Contractual changes and physical violence

The lawyer explains that, although omitting data is the main strategy, it is not the only one. There are cases where there is even the use of forged documents and even physical violence involved.

That’s what happened in the divorce between Lígia* and João*, businessmen from the southern region of Brazil who separated this year.

The two met in 2009. The two started together a business that over the years has grown into a large business group.

The two were married for 12 years and had a daughter. When João wanted to separate, the couple’s assets were worth around R$500 million, says Albuquerque.

In this case, Lígia knew of her rights, but was taken by surprise by her husband’s attempted coup.

In December 2020, João made a contractual change making a corporate change through a digital certificate ? he passed the companies on to his mother’s name, without telling his wife. But her physical signature was missing for the change to take place.

In April of this year, when the couple no longer lived together, after a get-together event at the companies’ headquarters, he forced her to sign several documents, including the contract with a corporate change, using violence.

João was accompanying Lígia and the couple’s daughter to the car when the violence broke out. “He grabbed my neck and left me speechless, preventing me from calling for help. Then he threw me over the vehicle,” she says.

Lígia managed to get into the case to try to protect herself, but João opened the door, took her out of the car and threw her against the wall. Did several people see the scene? including the couple’s little daughter.

On the same day, Lígia went to the police station to file a police report. Due to the violence, the case reached the Public Ministry and João faces a criminal case.

In addition, Lígia went to court asking for recognition of the nullity of the contractual amendment, compensation for moral damages and other demands to protect her assets.

“The fraud was very clear because he made a mistake. The contractual change had been made in 2020, but when he forced her to sign it, the contract was dated this year,” says Albuquerque, who advocates for Lígia in the process.

In the action, João denies any aggression and claims that his ex-wife signed the contract willingly.

Emptying of assets

There are cases where husbands empty their assets so that their wives do not have access to the values ​​they are entitled to.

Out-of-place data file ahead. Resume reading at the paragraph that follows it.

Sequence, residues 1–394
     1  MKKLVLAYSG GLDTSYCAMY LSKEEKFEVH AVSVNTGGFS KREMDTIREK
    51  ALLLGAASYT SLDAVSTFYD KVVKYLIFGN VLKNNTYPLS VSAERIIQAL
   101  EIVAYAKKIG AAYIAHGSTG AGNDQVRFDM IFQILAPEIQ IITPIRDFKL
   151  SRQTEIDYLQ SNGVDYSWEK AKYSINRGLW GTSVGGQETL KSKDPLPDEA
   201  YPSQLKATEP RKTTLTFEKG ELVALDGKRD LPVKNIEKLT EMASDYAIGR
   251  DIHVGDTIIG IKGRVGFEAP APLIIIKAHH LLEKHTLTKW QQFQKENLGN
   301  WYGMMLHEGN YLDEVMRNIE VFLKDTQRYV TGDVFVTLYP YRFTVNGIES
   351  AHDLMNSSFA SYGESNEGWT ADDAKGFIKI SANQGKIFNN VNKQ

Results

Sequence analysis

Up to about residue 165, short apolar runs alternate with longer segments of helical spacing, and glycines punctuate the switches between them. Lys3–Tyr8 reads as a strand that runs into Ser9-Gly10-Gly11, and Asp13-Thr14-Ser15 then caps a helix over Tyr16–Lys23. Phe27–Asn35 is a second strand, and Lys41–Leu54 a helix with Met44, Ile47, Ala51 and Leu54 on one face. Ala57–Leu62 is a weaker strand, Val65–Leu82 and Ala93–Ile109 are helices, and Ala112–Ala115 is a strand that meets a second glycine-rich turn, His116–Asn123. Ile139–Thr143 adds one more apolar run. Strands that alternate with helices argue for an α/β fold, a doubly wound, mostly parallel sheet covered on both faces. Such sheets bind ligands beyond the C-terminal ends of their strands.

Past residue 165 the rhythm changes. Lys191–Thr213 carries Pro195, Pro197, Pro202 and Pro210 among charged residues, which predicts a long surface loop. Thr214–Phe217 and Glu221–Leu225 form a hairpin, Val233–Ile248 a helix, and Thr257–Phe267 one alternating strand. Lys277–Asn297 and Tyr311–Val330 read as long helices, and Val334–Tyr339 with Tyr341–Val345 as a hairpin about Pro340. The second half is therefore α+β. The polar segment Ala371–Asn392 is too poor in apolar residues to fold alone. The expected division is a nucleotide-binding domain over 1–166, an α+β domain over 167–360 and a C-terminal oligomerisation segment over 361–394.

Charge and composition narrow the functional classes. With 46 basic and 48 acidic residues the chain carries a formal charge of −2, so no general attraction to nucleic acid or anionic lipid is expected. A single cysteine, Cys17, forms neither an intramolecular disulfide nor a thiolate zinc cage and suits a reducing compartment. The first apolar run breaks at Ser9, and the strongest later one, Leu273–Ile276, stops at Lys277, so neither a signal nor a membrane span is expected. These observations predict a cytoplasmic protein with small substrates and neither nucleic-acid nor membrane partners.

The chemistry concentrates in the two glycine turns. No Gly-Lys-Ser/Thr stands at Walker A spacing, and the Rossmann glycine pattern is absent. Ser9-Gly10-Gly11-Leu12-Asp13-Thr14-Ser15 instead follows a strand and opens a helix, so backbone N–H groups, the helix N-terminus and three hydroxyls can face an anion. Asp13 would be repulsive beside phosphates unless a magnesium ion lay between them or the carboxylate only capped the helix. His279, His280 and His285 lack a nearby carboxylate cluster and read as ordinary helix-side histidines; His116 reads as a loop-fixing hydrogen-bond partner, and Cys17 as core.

Now 50 years old, Clara* has been trying to obtain for 12 years the amount that was agreed with her ex-husband Rodrigo* when they separated. The two met in 1995 and stayed together for nearly 15 years.

When they divorced, the two made a property-sharing agreement in which she would keep the value of R$ 1 million, but Rodrigo never transferred the value to his ex-wife.

Clara spent years trying to obtain payment, but had difficulty because Rodrigo had completely emptied his assets, preventing the court from expropriating his assets.

Even before they split, in 2007, he sold his equity stake in large foreign exchange companies to a bank. The value of the trading disclosed was around U$ 40 million (R$ 81.5 million reais, with exchange rates in August 2007)

According to the Court, the amount owed by him to Clara today is R$ 30 million? considering the amount of the agreement that was not paid with interest and monetary correction plus the alimony that he owes to the couple’s daughters.

Rodrigo denies irregularities, but no longer has the right to appeal in court? The deadlines for contesting the alimony actions have passed and there is no possibility of appealing the value of the agreement legally made by the couple.

Now a client of Albuquerque, Clara filed a request for her ex-husband’s debt to be redirected to the bank that absorbed her shareholdings in the foreign exchange companies.

“It’s yet another example of how a marital issue can have effects beyond the family,” says Albuquerque. “Today I even have investors who seek advice to assess the property sharing regime of partners to better understand the risks of investing in certain companies.”

*The names of the named people have been changed to protect their identities